DANVILLE – The new extended deadline is Wednesday for casino proposals, but Mayor Rickey Williams Jr. says don’t expect any update at tonight’s city council meeting.
Williams said on Monday no casino update is expected because nothing has changed from the last one given.
Also according to Vermilion Advantage’s President and CEO Vicki Haugen, there will be no further discussions publicly until after the final deadline, which is midnight Wednesday.
The Danville City Council tonight is expected to approve the appointments of Acting Police Chief Chris Yates as permanent police chief, Sam Cole as city engineer and Cydney Boyd to the Danville Public Library Board.
Williams says there was no additional search for a permanent police chief.
“Although I interviewed the other commanders for the interim public safety director position, Chief Yates demonstrated during his time in that position and as acting police chief that he has the character, leadership and vision needed to help our police department and city achieve our highest potential. Therefore, I am honored that he has agreed to be our permanent police chief,” according to Williams.
Yates became interim public safety director after replacing Danville Public Safety Director Larry Thomason. Thomason retired at the end of March after serving almost 49 years with the city.
Yates then became acting police chief in May after city officials approved reverting back to police and fire chiefs.
At that time Williams said the appointment lengths were to be determined due to union negotiations and the hiring processes. Job descriptions, finances and salary ranges and other issues also needed to be worked out for the permanent police and fire chief positions, he previously said. Acting Fire Chief is Don McMasters.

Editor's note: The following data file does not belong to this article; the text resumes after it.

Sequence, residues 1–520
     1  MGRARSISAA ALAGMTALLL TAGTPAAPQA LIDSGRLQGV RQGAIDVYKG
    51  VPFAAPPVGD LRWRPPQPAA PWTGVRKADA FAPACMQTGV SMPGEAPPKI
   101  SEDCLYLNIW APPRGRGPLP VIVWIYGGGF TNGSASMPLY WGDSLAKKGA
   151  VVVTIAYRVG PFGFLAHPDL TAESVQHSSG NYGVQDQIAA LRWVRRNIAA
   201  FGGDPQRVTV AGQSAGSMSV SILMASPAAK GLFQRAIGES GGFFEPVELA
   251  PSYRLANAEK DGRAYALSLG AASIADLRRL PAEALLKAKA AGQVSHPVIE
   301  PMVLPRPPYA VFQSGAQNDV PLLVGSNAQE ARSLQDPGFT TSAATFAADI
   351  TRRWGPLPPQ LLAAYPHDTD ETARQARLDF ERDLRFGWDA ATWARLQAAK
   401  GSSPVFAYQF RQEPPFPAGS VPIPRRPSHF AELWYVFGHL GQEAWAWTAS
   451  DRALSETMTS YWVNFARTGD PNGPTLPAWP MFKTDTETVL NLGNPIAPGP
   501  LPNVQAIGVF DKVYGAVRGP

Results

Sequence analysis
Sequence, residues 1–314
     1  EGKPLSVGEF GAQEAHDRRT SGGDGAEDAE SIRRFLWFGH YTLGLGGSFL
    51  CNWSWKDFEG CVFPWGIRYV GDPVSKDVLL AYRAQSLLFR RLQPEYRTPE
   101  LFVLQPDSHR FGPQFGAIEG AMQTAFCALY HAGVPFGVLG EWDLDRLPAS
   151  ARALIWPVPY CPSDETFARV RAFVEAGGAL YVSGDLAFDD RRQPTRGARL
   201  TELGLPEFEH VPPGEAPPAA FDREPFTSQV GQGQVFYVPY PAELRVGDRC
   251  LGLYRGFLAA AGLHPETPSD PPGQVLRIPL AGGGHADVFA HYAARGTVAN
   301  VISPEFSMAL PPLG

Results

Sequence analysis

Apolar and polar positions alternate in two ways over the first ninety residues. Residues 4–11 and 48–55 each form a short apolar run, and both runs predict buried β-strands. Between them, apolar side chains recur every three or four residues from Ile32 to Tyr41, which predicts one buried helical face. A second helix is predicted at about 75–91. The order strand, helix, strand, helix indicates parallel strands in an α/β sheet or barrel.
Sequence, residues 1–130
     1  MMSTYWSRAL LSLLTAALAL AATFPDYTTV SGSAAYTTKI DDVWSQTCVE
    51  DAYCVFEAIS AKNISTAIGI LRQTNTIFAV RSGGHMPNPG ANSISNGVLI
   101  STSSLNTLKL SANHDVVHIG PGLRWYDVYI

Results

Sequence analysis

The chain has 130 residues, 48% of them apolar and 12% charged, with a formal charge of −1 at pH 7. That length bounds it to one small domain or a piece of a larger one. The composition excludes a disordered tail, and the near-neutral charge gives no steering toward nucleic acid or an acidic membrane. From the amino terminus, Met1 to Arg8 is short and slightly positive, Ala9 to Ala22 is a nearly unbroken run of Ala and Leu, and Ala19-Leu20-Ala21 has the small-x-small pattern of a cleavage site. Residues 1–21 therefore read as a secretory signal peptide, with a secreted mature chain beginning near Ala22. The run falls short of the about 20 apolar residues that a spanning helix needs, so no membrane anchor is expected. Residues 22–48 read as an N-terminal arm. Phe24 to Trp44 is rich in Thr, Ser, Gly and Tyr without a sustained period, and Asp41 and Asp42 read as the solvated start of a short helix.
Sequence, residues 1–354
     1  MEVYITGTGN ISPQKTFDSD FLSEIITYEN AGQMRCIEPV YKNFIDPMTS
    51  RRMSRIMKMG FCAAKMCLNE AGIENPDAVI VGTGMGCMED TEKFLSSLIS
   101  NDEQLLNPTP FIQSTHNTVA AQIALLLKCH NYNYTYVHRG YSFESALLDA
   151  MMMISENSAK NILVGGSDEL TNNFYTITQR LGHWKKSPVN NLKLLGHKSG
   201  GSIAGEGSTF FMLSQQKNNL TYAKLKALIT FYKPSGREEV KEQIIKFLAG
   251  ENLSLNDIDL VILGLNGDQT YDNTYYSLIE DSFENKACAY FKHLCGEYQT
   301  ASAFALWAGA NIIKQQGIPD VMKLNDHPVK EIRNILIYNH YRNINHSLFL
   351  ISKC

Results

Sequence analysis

Yates’ salary is $125,000. Thomason’s salary had been $68,929. The city had re-hired former police officer Thomason to the civilian position of public safety director. Thomason also received his pension while as director.
Yates has been in law enforcement for 24 years. He started with the Vermilion County Metropolitan Enforcement Group in 1995. He was sworn in with the DPD in 1997 and he’s served as a patrolman, COPS Officer, field training officer, sergeant in patrol and in investigations, promoted to commander in 2005, Emergency Response Unit Commander since 2005 and member of the Internal Affairs Unit.
He was born in Danville and is a 1990 graduate from Bismarck-Henning. Yates has a criminal justice degree from Danville Area Community College and an administration of justice degree from Southern Illinois University-Carbondale. He also served six years in the Illinois National Guard-Infantry.
Also tonight, city council members are expected to act on an amendment to city code pertaining to intoxicating liquor and video gaming revenue.
The liquor ordinance change “grandfathers in existing license holders but requires new license holders not to receive more than 49 percent of their revenue from gaming,” according to Williams.
Some bar owners including The Pub’s Drew Rush and Dale’s Place’s Greg Filicsky were concerned about the city ordinance language causing some bars to close.
Williams said that was never the intent and city officials have wanted to prevent standalone video gaming cafes.
Filicsky said he’d still not like to see the video gaming cafes because they would hurt local clubs/organizations and businesses.
In other business, the council will consider:
• Purchasing a 2020 New Way Sidewinder automated refuse truck for $274,520 from Rantoul Truck Center through the National Joint Powers Alliance state contract. Funding comes from the city’s solid waste fund for other capital equipment.
• Approving a $21,800 engineering contract with Donohue and Associates of Champaign for the Poland Road pump station rehabilitation, and a sewer budget amendment.
• Approving submission of a grant application for a $37,204 2019 Edward Byrne Memorial Justice Assistance Grant for the city. The city’s portion will be $20,834 and Vermilion County’s portion will be $16,370. The city’s funds will be used to pay overtime costs for focused patrols in high crime areas where gang and gun violence have historically been known to occur.